Link to Online Collection Catalog
Link to OHS HOME page
Link to CONTACT OHS page
Link to OHIO HISTORY STORE website
Link to OHS CALENDAR page
Link to OHS PLACES page
Link to OHS RESOURCES page
Link to the ABOUT OHS page
Link to SEARCH OHS page
OHS Online Home
Fundamental Documents of Ohio








Mordecai Bartley, eighteenth governor of Ohio, was inducted into office on December 3, 1844, to succeed his son, Acting Governor Thomas Welles Bartley.

The Bartleys' English forebears settled in Loudoun County, Virginia, in 1724, whence Mordecai's father, Elijah, moved to Fayette County, Pennsylvania, where Mordecai was born on December 16, 1783. As a lad he attended district school between seasons of hard work on the farm. Married at the age of twenty-one to Elizabeth Welles, he moved to Jefferson County, Ohio, in 1809. During the War of 1812 he organized a company of volunteers and was elected their captain. He later was made adjutant of a regiment under General William Henry Harrison. After the close of the war Bartley selected a site for a home west of Mansfield in Richland County, a little in advance of the line of settlement.

A successful farmer, he engaged also in merchandising in Mansfield, whither he moved in 1834. In the meantime he had been elected to represent Licking, Knox, and Richland counties in the Ohio Senate (1816-18). In 1818 the assembly appointed him register of the Virginia Military District school lands with office at Mansfield. This position gave him an abiding interest in the public schools. He resigned the office in 1823 to take a seat in the lower house of congress, which he held four terms (1823-31). In his first congressional campaign he was opposed by the able and energetic Alfred Kelley, but so great was Bartley's popularity in his home town that his own vote was said to be the only one cast for Kelley at Mansfield. Two years later he again defeated Kelley, and in the two subsequent elections won over Eleutheros Cooke.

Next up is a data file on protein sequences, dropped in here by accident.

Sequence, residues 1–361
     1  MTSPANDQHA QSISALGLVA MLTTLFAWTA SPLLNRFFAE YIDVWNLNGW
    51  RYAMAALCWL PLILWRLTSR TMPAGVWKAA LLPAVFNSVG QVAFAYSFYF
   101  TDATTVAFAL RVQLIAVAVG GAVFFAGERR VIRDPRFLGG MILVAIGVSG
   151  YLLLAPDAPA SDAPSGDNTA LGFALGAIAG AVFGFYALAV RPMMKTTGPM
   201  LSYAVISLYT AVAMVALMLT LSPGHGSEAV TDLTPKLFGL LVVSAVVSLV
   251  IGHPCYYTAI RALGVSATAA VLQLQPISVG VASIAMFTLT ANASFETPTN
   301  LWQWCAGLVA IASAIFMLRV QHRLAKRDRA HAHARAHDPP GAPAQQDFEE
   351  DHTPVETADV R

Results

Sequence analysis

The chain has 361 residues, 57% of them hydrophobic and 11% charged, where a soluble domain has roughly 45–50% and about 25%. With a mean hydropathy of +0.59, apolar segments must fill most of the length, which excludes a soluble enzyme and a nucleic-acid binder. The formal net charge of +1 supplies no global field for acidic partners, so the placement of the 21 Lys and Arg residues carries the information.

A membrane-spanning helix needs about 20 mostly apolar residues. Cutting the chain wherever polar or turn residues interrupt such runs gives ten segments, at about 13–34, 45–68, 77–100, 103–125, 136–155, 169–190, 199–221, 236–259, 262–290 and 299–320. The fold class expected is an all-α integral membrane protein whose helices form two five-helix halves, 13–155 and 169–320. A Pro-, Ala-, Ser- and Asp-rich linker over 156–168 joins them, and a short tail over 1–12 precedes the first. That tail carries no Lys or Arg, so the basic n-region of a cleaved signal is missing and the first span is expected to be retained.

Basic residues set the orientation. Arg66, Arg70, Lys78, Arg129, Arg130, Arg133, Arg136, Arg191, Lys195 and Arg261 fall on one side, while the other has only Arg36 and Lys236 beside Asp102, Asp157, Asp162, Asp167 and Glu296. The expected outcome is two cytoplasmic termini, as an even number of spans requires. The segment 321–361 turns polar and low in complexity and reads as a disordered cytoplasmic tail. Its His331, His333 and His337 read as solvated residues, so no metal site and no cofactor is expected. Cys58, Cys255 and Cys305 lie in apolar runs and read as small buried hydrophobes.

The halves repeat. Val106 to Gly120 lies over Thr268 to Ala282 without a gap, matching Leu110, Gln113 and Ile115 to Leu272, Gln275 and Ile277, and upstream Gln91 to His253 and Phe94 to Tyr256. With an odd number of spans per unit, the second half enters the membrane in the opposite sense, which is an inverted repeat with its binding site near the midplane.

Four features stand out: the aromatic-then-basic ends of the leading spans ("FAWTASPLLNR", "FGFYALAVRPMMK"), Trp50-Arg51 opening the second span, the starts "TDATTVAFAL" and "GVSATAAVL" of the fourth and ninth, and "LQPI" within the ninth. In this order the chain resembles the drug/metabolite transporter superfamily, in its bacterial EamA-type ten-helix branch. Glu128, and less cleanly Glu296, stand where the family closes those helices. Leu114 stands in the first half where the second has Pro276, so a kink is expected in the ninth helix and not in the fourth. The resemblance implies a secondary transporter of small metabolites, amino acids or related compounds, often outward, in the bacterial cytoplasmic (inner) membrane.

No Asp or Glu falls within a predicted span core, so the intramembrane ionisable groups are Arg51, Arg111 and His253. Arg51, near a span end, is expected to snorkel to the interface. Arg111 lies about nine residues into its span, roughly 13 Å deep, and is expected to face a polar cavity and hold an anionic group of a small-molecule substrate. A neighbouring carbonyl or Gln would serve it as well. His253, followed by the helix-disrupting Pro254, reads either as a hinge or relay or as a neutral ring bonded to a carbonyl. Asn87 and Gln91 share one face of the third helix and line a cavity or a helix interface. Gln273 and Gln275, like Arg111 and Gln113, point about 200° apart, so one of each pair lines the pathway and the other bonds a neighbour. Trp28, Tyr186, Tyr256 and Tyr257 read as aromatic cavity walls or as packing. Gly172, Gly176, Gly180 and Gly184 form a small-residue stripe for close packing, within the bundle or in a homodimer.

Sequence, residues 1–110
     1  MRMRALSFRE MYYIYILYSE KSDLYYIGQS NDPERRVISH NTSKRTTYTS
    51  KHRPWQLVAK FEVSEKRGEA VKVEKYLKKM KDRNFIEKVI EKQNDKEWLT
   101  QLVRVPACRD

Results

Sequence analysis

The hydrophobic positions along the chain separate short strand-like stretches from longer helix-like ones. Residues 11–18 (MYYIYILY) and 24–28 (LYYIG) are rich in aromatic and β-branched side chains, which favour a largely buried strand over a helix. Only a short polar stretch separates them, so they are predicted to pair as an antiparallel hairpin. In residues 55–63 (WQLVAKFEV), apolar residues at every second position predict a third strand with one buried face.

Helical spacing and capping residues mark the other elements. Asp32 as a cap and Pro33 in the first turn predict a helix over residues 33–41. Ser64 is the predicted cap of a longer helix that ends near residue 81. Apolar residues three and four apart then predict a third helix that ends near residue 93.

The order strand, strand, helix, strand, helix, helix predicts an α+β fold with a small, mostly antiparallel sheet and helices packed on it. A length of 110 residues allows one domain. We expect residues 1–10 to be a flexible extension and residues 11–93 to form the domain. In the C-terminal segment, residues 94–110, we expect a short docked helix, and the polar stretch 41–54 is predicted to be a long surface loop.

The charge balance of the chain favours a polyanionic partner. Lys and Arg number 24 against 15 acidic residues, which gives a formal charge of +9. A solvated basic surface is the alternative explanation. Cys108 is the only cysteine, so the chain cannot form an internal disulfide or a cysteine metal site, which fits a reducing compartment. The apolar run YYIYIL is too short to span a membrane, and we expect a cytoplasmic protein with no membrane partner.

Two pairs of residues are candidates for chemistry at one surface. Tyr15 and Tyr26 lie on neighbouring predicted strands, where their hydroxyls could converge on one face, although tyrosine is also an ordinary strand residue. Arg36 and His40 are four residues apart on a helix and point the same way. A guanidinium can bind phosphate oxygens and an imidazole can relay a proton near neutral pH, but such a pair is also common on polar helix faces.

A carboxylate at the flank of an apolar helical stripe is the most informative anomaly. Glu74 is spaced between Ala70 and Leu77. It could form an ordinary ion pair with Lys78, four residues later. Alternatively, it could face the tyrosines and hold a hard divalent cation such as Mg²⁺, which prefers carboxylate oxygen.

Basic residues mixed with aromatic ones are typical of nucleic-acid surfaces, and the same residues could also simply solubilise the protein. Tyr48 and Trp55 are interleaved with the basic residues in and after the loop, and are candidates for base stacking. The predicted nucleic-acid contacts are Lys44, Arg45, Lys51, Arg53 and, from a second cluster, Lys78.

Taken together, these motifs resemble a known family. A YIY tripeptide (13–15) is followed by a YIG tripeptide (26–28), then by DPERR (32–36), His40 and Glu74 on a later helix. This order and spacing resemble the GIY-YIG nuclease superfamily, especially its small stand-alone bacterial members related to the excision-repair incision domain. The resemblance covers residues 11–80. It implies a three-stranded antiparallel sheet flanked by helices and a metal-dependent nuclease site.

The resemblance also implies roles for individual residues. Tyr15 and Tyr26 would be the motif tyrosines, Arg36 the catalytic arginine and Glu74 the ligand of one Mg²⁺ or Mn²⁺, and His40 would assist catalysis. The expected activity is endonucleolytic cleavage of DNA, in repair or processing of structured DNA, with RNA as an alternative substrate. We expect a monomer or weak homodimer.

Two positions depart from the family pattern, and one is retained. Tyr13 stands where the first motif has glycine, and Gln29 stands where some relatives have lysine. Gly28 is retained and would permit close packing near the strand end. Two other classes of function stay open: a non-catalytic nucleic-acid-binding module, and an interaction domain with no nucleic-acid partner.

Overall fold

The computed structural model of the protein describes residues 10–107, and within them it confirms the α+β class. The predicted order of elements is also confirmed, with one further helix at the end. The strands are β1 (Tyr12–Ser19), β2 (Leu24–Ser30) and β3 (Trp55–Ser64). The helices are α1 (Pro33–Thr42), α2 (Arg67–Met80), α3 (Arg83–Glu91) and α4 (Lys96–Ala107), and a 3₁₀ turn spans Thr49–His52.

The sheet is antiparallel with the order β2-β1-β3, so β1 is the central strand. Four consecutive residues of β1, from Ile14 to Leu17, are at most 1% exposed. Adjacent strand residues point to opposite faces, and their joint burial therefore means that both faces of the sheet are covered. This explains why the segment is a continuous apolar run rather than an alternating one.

While in congress Bartley did not often take part in the debates, but he was alert to the interests of his district, which comprised a large part of northern Ohio, including Sandusky and Cleveland. He was the first to propose to congress a land grant to Ohio for the benefit of the common school fund and was instrumental in securing a federal grant for the improvement of several Lake Erie harbors. In the presidential election of 1824, which was decided in the house of representatives, Bartley, although an ardent supporter of Henry Clay, voted with the Ohio delegation for John Quincy Adams. Declining renomination for a fifth term, he supported Cooke as his successor in congress.

Upon retiring from congress Bartley resumed his agricultural and mercantile pursuits at Mansfield. In 1844 he was nominated for governor at the second of two Whig state conventions, after David Spangler of Coshocton, who had been nominated at the first, declined to run. The Democrats nominated David Tod. Although the state campaign was somewhat confused by the presidential campaign of that year, in which the question of the annexation of Texas and Oregon predominated, the matter of the state banking system was again paramount in Ohio. Tod's position was unsatisfactory to both the anti-bank radicals and the conservative Democrats. This and other factors contributed to Bartley's election by a small majority. The Whigs were successful also in returning a plurality for Henry Clay in the presidential race and in securing control of both houses of the general assembly.